One company would not be able to manage so many areas of operation--MMS’s associate companies include Mustafa's Pte Ltd, Mustafa Air Travel Pte Ltd (provides visa services too), Mustafa Foreign Exchange, Kebabs & Curries (roof-top restaurant, opened in 2011), Handi Restaurant and Mustafa Café. A 130-room hotel, spanning some of the higher floors in the Centre, although heavily booked, was proving unviable, so it shut its doors some years ago.


At the store, they stock over 300,000 items, and the departments include supermarket, pharmacy, cosmetics, DVDs, footwear, luggage, garments, cloth, jewellery, TV, home appliances, a government franchised post office, and a teleshop (mobile and cordless phones). How much is that, in terms of land area? 400,000 sq. ft. of retail space, covering six stories, and additional parking levels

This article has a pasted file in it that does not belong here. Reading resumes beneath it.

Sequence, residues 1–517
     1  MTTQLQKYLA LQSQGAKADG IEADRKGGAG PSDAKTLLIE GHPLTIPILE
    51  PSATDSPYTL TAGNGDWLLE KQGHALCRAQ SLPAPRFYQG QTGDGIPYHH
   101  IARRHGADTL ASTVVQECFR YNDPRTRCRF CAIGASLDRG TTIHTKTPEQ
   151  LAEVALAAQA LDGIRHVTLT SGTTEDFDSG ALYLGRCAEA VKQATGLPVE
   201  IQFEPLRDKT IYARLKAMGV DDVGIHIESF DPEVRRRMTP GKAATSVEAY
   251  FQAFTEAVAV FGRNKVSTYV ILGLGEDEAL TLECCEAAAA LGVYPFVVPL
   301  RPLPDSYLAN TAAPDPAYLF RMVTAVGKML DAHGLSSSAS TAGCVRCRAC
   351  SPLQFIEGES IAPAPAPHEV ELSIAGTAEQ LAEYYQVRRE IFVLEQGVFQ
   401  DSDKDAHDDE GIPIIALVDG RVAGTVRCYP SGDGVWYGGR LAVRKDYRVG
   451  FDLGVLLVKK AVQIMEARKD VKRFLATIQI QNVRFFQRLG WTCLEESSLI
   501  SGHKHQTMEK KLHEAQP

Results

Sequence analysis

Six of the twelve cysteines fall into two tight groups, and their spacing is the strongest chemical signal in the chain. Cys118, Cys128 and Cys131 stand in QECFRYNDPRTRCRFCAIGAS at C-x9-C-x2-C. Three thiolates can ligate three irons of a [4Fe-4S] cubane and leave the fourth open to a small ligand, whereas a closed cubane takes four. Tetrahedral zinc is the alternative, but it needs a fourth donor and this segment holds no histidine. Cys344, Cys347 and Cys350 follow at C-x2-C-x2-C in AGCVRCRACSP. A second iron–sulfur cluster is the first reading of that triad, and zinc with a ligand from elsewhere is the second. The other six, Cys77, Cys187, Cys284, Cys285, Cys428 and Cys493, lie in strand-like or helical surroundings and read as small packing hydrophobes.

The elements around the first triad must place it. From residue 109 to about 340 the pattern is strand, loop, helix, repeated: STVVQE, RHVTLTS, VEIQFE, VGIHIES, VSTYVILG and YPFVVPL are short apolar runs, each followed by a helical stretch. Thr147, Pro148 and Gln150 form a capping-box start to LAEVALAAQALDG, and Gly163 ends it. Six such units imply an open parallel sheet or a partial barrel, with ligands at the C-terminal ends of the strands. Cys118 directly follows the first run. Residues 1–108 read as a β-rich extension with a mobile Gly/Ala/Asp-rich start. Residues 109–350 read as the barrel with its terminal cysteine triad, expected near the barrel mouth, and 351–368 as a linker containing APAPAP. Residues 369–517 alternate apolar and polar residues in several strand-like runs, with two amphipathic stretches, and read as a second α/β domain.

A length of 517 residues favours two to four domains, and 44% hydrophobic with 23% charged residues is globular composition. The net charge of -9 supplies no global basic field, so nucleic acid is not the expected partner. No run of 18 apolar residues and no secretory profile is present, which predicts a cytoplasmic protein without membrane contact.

Outside Singapore, Mustaq set up businesses in Chennai (Goldmart, 8,000 sq ft.), SriLanka (also gold) and Cambodia (supermarkets). The gold store in SriLanka did not work out, but the one in Chennai still operates. Recently, Mustaq toyed with the idea of venturing into Malaysia, but thought the better of it. Cambodia had two Mustafa outlets, both in Phnom Penh, one of which has wound up recently.


I first met Mustaq in 1996, shortly after the company had opened its new centre, adjacent to the Serangoon Plaza, which had already been operational for a decade. Tired of waiting for Ali, a purchase supervisor in the groceries section of the store, who had been gone a good 15 minutes, I was grumbling about absent staff to no one in particular, when a diminutive, undistinguished man noticed my plight, walked up to me and asked if he could help. I had no clue about who he was, and asked him as much. Initially, he was unwilling to reveal his name, but later identified himself as Mustaq Ahmad. The Mustaq Ahmad? Indeed. In person! That was when I was based in Singapore, recruited from Mumbai and relocated, to set-up ESPN TVs Hindi satellite service, originating from a facility in the Lorong Chuan area of the island state.